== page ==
Albert Paley’s sculptures don’t simply occupy space; they command it. Paley possesses a rare ability to transform iron from a lifeless and unyielding metal into a moving, almost liquid, element. Despite the seemingly spontaneous and organic nature of his work, Paley is a consummate draftsman, envisioning the majority of his creations on paper before stepping to the forge.

Crossing the boundaries between art and craft, Paley has established himself as one of the greatest metal artists in the country. Throughout his career, he has completed several important private and public site-specific commissions including the Clay Center Sculpture at the Clay Center for the Arts and Sciences in West Virginia and the Animals Always installation at the St. Louis Zoo. Further, his works have been widely published and can be found in multiple major museum collections around the world.

Auction Results Albert Paley

ALBERT PALEY, Golden Dawn table | ragoarts.com

Albert Paley

Golden Dawn table
estimate: $15,000–20,000
result: $40,000

ALBERT PALEY, Paley Bed | ragoarts.com

Albert Paley

Paley Bed
estimate: $25,000–35,000
result: $35,000

ALBERT PALEY, brooch | ragoarts.com

Albert Paley

brooch
estimate: $25,000–35,000
result: $27,500

ALBERT PALEY, Six railings | ragoarts.com

Albert Paley

Six railings
estimate: $12,000–18,000
result: $20,000

ALBERT PALEY, Arabesque Parabolic Floor Lamp | ragoarts.com

Albert Paley

Arabesque Parabolic Floor Lamp
estimate: $8,500–12,500
result: $18,750

ALBERT PALEY, Monumental coffee table | ragoarts.com

Albert Paley

Monumental coffee table
estimate: $15,000–20,000
result: $15,000

GEORGE STANLEY AND ALBERT PALEY, Sculpture and fountain elements | ragoarts.com

George Stanley and Albert Paley

Sculpture and fountain elements
estimate: $15,000–20,000
result: $15,000

ALBERT PALEY, Plant Stand | ragoarts.com

Albert Paley

Plant Stand
estimate: $15,000–20,000
result: $13,000

ALBERT PALEY, Nimbus | ragoarts.com

Albert Paley

Nimbus
estimate: $8,000–12,000
result: $12,800

ALBERT PALEY, Lectern | ragoarts.com

Albert Paley

Lectern
estimate: $15,000–20,000
result: $11,250

ALBERT PALEY, Massive andiron | ragoarts.com

Albert Paley

Massive andiron
estimate: $7,500–10,000
result: $11,250

ALBERT PALEY, Three columns | ragoarts.com

Albert Paley

Three columns
estimate: $10,000–15,000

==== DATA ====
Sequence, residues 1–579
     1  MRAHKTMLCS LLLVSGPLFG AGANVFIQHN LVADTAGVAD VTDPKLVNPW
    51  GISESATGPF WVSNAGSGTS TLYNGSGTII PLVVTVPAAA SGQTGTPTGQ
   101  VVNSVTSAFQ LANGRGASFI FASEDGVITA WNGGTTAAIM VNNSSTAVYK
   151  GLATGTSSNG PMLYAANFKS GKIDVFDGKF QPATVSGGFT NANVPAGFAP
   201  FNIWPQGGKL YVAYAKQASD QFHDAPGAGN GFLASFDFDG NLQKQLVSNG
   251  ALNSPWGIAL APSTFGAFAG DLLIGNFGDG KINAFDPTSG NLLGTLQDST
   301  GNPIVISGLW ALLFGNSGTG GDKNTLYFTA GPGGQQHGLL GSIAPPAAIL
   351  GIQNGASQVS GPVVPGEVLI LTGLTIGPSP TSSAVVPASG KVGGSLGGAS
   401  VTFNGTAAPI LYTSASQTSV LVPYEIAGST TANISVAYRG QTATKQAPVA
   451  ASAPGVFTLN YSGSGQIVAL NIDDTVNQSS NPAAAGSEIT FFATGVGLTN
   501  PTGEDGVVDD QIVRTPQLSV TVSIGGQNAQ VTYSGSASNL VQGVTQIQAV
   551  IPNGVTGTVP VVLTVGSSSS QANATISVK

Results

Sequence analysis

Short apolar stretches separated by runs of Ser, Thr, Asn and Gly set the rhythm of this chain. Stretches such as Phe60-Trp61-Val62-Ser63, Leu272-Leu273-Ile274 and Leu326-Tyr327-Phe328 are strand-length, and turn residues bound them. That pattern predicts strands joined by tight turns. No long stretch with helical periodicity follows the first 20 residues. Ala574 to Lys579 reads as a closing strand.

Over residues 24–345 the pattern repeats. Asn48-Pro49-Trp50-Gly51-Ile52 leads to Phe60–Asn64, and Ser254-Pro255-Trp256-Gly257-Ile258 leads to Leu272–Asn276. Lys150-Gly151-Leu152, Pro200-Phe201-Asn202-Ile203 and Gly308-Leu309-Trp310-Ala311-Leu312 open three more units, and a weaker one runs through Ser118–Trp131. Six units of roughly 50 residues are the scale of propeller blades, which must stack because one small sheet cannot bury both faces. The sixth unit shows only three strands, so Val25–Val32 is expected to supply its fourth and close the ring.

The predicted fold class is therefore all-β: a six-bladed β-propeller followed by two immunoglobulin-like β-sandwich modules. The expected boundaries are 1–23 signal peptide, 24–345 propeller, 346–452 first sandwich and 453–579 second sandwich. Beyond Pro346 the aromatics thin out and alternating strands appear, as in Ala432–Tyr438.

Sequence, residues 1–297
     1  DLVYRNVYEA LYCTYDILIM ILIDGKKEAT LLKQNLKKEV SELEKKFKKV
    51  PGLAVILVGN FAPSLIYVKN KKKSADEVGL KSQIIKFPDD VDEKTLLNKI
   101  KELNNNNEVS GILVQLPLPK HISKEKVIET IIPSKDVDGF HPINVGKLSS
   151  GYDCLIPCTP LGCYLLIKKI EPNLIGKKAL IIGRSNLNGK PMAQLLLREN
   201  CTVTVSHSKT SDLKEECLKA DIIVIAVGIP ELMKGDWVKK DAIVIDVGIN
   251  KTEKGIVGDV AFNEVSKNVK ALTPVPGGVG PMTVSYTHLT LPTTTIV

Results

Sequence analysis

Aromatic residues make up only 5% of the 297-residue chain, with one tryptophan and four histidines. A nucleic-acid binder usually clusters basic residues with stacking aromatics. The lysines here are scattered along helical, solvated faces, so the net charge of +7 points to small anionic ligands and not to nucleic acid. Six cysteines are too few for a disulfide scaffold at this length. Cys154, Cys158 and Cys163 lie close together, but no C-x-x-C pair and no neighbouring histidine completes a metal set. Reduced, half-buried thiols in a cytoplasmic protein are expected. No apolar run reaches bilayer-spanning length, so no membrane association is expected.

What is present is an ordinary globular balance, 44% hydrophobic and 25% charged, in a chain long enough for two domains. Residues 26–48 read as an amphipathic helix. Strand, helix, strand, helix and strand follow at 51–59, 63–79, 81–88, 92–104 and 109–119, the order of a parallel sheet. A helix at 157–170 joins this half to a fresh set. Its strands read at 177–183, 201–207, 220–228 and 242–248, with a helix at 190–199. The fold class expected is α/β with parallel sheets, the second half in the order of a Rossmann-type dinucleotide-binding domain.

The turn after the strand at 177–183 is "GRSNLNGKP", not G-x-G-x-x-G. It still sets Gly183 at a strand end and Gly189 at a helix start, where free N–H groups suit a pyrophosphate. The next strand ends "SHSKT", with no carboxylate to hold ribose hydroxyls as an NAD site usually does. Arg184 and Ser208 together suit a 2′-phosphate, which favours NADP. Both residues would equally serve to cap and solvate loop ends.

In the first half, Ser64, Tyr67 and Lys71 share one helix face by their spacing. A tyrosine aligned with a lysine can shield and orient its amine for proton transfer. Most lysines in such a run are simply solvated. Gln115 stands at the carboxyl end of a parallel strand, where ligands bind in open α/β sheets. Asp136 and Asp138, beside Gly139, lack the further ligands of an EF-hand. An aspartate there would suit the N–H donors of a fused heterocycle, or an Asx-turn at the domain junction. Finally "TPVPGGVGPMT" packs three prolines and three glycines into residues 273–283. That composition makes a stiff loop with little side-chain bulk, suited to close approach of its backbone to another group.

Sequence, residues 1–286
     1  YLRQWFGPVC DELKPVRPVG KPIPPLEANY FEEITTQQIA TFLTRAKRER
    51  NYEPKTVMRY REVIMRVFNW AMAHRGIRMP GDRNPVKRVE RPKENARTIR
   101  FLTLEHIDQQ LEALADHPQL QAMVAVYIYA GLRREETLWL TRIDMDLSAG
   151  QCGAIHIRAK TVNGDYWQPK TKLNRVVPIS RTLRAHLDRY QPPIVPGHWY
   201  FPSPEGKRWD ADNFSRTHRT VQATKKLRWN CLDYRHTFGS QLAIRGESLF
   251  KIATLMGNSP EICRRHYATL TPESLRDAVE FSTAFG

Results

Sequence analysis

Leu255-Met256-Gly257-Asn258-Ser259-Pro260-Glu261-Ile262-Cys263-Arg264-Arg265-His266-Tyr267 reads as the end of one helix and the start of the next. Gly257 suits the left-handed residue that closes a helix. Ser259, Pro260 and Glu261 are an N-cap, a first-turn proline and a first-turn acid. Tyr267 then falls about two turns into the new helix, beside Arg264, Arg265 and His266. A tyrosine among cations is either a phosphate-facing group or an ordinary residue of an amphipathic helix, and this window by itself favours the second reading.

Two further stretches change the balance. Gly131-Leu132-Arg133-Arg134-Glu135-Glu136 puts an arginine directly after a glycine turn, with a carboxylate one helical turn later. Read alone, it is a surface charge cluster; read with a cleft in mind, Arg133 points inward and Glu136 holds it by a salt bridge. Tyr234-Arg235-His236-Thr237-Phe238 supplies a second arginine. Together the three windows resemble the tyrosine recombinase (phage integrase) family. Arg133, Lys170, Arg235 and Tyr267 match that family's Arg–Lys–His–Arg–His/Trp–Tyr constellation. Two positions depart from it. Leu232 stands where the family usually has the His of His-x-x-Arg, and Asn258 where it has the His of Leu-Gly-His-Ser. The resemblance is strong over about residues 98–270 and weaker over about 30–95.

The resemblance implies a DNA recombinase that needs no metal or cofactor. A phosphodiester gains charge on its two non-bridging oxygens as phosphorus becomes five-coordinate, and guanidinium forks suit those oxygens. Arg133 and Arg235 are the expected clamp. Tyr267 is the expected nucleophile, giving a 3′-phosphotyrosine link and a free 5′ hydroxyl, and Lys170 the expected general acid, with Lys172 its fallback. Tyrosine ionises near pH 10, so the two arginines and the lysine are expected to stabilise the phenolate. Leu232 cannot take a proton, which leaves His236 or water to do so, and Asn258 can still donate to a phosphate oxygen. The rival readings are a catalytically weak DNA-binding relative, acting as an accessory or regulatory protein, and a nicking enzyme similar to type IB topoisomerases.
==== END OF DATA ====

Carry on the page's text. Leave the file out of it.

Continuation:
result: $11,250

ALBERT PALEY, Sculptural Wall Relief from Gannett Corporate Headquarters, USA Today, Washington D.C. | ragoarts.com

Albert Paley

Sculptural Wall Relief from Gannett Corporate Headquarters, USA Today, Washington D.C.
estimate: $12,000–18,000
result: $10,625

ALBERT PALEY, interlocking ring | ragoarts.com

Albert Paley

interlocking ring
estimate: $9,000–12,000
result: $10,000

ALBERT PALEY, Three columns | ragoarts.com

Albert Paley

Three columns
estimate: $10,000–15,000
result: $10,000

ALBERT PALEY, Collection of Two Works | ragoarts.com

Albert Paley

Collection of Two Works
estimate: $10,000–15,000
result: $10,000

ALBERT PALEY, Millennium floor lamp | ragoarts.com

Albert Paley

Millennium floor lamp
estimate: $10,000–15,000
result: $9,375

ALBERT PALEY, Collection of Two Works | ragoarts.com

Albert Paley

Collection of Two Works
estimate: $10,000–15,000
result: $9,375

ALBERT PALEY, exterior door handles from Rosecliff, Inc., set of three | ragoarts.com

Albert Paley

exterior door handles from Rosecliff, Inc., set of three
estimate: $4,000–6,000
result: $8,750

ALBERT PALEY, Twenty-one table legs | ragoarts.com

Albert Paley

Twenty-one table legs
estimate: $4,000–6,000
result: $8,750

ALBERT PALEY, Double Shear Candleholders, pair | ragoarts.com

Albert Paley

Double Shear Candleholders, pair
estimate: $2,000–3,000
result: $8,750

ALBERT PALEY, White Tusk | ragoarts.com

Albert Paley

White Tusk
estimate: $8,000–12,000
result: $8,320

ALBERT PALEY, Millennium floor lamp | ragoarts.com

Albert Paley

Millennium floor lamp
estimate: $8,000–12,000
result: $8,125

ALBERT PALEY, door handles, pair | ragoarts.com

Albert Paley

door handles, pair
estimate: $3,000–4,000
result: $7,500